The innovative relationship will allow the institutions to collaborate to advance cancer treatment for families in west Michigan. The collaboration addresses the growing needs of west Michigan by expanding expertise and access to an extent that none of the organizations could achieve alone.

The connection to Michigan Medicine will ultimately provide local community hospitals with a direct tie to advanced clinical trials, emerging protocols and internationally-renowned researchers. In the future, patients will access that expertise through their local physicians at Mercy Health and Metro Health.

“Together, we can create a world-class comprehensive program for our communities, greater than any of us could create independently, all while keeping our patients at the center of all we do,” said Clifford Cho, M.D., a surgical oncologist at Michigan Medicine and interim executive director of the Cancer Network. “This unique collaboration will help support patients by connecting them to the vast resources available across our respective facilities, including prevention, diagnosis, treatment and advanced research.”

Combined, the three award-winning west Michigan facilities treat 13,658 cancer patients a year. They bring to the collaboration a combined 63 cancer specialists and subspecialists, along with access to the latest research, treatments and clinical trials.

“Cancer is one of the most complicated diseases to treat, and increasingly sophisticated treatments are available,” said Hyung T. Kim, president of Mercy Health Saint Mary’s in Grand Rapids. “We are committed to bringing the best possible cancer programs to west Michigan patients and improving access to advanced therapies so patients and families can stay in our region.”

Services will be offered across three facilities in west Michigan, including Lacks Cancer Center at Mercy Health Saint Mary’s, Johnson Family Cancer Center at Mercy Health Muskegon, and Metro Health, broadening access to a wide range of cancer services. These services will be supported by the outstanding clinicians at each of these facilities and backed by the expertise of Michigan Medicine’s nationally-ranked Rogel Cancer Center.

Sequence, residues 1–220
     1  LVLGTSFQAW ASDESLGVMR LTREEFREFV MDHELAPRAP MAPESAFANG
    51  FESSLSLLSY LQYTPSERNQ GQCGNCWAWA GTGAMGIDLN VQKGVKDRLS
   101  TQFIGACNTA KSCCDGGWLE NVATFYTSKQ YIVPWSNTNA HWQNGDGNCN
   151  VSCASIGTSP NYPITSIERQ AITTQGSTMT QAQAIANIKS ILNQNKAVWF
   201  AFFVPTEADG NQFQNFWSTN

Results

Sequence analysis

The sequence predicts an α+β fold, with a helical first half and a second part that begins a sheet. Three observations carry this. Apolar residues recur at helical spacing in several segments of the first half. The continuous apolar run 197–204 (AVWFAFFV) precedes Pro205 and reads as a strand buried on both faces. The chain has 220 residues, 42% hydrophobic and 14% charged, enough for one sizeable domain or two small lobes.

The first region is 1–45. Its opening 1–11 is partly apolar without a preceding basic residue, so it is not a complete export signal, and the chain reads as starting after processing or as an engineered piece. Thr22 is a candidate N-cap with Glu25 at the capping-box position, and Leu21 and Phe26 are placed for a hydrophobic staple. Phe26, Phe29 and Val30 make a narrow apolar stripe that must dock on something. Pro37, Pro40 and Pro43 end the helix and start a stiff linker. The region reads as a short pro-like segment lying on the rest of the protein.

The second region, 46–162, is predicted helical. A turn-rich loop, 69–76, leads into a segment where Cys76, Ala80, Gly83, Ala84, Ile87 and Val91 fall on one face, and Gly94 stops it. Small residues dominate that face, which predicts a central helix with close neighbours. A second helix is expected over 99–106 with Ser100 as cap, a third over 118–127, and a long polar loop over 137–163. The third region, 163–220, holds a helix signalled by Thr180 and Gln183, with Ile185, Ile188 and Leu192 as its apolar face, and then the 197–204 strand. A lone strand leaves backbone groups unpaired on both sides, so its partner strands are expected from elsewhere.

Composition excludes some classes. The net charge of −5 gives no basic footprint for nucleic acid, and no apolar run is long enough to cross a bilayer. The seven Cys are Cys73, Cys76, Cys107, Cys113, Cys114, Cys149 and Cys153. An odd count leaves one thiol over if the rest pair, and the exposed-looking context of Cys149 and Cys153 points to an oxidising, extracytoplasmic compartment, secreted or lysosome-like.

“Mercy Health has a long-standing, positive reputation for delivering high quality cancer care in west Michigan,” said Gary Allore, president of Mercy Health Muskegon. “We look forward to collaborating across west Michigan to further the fight against cancer.”

The Cancer Network of West Michigan will build on a foundation established by a radiation oncology collaborative already linking radiation oncology services between Michigan Medicine and Metro Health, and between Michigan Medicine and Mercy Health. Extending and integrating this cooperation across the three locations ensures cancer programs continue to grow to meet the needs of west Michigan.

“This collaboration allows us to also provide deep subspecialty capabilities and work toward giving our patients access to research and clinical trials along with the highest quality care and expertise,” said Peter Hahn, president and CEO of Metro Health-University of Michigan Health.

Even as new treatments have reduced the mortality rate, the number of new cancer cases continues to increase as the population ages. The Centers for Disease Control and Prevention predicts the number of new cases will have increased 24 percent between 2010 and 2020.

All hospital providers and staff will remain employed by their respective health systems, and no staff reductions will take place as a result of this agreement.

The Cancer Network also builds on a larger statewide strategy between Michigan Medicine and Trinity Health-Michigan, of which Mercy Health is a part. The two organizations announced an affiliation agreement in 2012, paving the way for closer collaborations in clinical care, research and medical education.

Michigan Medicine and Metro Health-University of Michigan Health have been affiliated since 2016.

“We want people to continue to get their cancer care with people and at places they have come to trust. As our collaboration grows, people will notice that they now have access to newer, broader and deeper resources made possible by the integration across this network,” Cho said. “We want to build the kind of compassionate expertise that our patients and community deserve.”